The improbable tale of Melanie Roach and her Olympic-sized dream continues to grow and evolve, getting bigger and better with each passing chapter.
At an age where most world-class athletes are comfortable spinning hazy yarns from their glory days, the Bonney Lake resident continues to push the boundaries of strength and endurance. As many as six days a week, she can be found hoisting heavy metal in her renewed quest to remain on the world stage.
Roach is a weightlifter. And so much more.
For those who follow such things, the Roach name is well known and well respected. She was the first American woman to clean-and-jerk more than double her body weight; she earned a bronze medal at the 2007 Pan American Games and represented the United States at the 2008 Olympic Games in Beijing, China, setting records on the way to a sixth-place finish on the world’s grandest stage.
That appeared to be her penultimate moment, the culmination of years of hard work, perseverance and recuperation from injury. There was no formal announcement of retirement from competitive lifting, but Roach – who turned 41 this week – returned home and settled into an already-busy life: she’s a business owner, overseeing Roach Gymnastics in Sumner; she’s married to a husband with a demanding job of his own; and then there’s the children. She and husband Dan – an elected member of the Pierce County Council, who previously served in the state legislature, had three kids at the time of the Beijing Olympics, a brood that has now grown to five, ranging in age from 4 to 14.
The competitive fire still burns
So, how does a busy mom/wife/entrepreneur find herself once again jetting off to weightlifting competition where she shares the stage with athletes perhaps half her age?
The condensed version goes like this: taking delivery of a new set of weights, Roach was again hooked by the feel of the steel, even the smell of metal plates. Still training a few times a week for personal and business reasons, she was encouraged by business partner Chelsea Herzog to resume competitive lifting.
Having posted some impressive numbers at the 2014 American Open, Roach then received a call from a representative with USA Weightlifting, a summertime call that came out of the blue and changed her life. The July call came on Friday and posed a series of questions: could she be in Toronto in three days, could she make the required weight and could she post the type of results shown in recent competition? She was being asked to participate in the Pan-Am Games, one of the qualifying events for those hoping to advance to the U.S. Olympic Trials.
“It really was a miracle that I even received the call,” Roach says, explaining that several competitors ahead of her had to withdraw for a variety of reasons.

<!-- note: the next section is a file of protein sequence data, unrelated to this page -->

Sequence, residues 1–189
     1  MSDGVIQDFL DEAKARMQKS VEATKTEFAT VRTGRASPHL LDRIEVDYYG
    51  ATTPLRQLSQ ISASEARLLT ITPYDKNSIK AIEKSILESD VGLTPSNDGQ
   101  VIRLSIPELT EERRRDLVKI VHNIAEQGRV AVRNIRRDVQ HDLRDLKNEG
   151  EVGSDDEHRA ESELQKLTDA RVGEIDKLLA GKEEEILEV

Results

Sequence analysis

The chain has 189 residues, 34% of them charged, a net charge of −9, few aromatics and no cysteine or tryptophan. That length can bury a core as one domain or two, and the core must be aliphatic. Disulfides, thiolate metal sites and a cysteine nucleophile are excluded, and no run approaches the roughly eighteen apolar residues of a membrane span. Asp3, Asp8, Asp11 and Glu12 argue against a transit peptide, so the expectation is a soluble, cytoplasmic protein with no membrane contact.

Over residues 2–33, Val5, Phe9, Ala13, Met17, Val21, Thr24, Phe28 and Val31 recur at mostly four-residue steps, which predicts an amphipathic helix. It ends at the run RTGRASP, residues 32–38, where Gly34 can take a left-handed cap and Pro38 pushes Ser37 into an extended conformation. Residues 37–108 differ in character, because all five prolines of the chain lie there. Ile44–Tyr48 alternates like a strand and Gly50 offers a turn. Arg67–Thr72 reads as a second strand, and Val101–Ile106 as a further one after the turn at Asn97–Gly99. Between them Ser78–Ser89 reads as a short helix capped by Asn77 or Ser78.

But the Toronto experience opened the door to a world of possibilities. Roach involved her immediate and extended family in a discussion and the choice was clear – she would dedicate the coming months to seeing how far she could travel in the world of weightlifting.
She calls it “restructuring my commitment.” And it involves her mother moving into the Roach’s Bonney Lake home to lend a hand with the child-rearing duties while Herzog takes full responsibility of the business.
Since Toronto, she has been in full-time training mode. That means trips to Redmond most days, so she can train with coach Michael Street at his Fulcrum Training Hall. And there are weekly sessions with massage therapist Dan Christofferson, who specializes in the “structural integration” that Roach credits with turning her body into an efficient lifting machine.
“I’m still climbing back up to my personal best,” Roach notes, figuring she’s about 90 percent of the way toward matching her Beijing performance.
That proved plenty good earlier this month, when Roach headed to Reno, Nev., and the U.S. American Open Championships. There, she established American Masters records in the snatch (167 pounds), the clean-and-jerk (222 pounds) and combined total (389 pounds).
Those records might be nice, but Roach will not be defined by age. “I don’t think of myself as Masters,” she said, allowing that the descriptive phrase “vintage” might be more to her liking.
In the end, she maintains, “age will not limit me.”
Still, the years cannot be ignored. Of the 955 athletes in Reno, only three were older that Roach. Considering her competition, she freely admits, “I could be their mother.”
But the question of age is certainly nothing new. When Roach arrived at the Beijing Olympics she was 33, already fielding questions about competing at an advanced age – advanced, that is, in the world of Olympic sports.
A new way of looking at lifting
With her previous lifting coach retired, Roach turned to Street, who has provided a new approach. While physical strength is still required, Roach is aiming for technical proficiency, focusing on speed and explosiveness.
She is inspired by the results.
She is just as enthused about the change Christofferson has brought about with regard to her body. His approach to deep-tissue massage, Roach said, has freed her muscles to work independently, as they did when she was much younger.
The road gets tougher
Based on her recent success, Roach has been invited by USA Weightlifting to a Feb. 19 competition in Philadelphia that will go a long way toward determining her competitive future.
Following the February event, the top 15 women in the country – as determined by a complex formula – will be selected to take part in the Olympic Trials. The chosen 15 will be from across the seven weight classes making up the women’s sport.
“I think my chances are good,” Roach said of earning a trip to Salt Lake City, the site of the Olympic Trials. She currently is ranked 12th nationally.
The Trials are set for May 4-6 and will determine the team making the trip to the 2016 Summer Olympic Games in Rio de Janeiro, Brazil.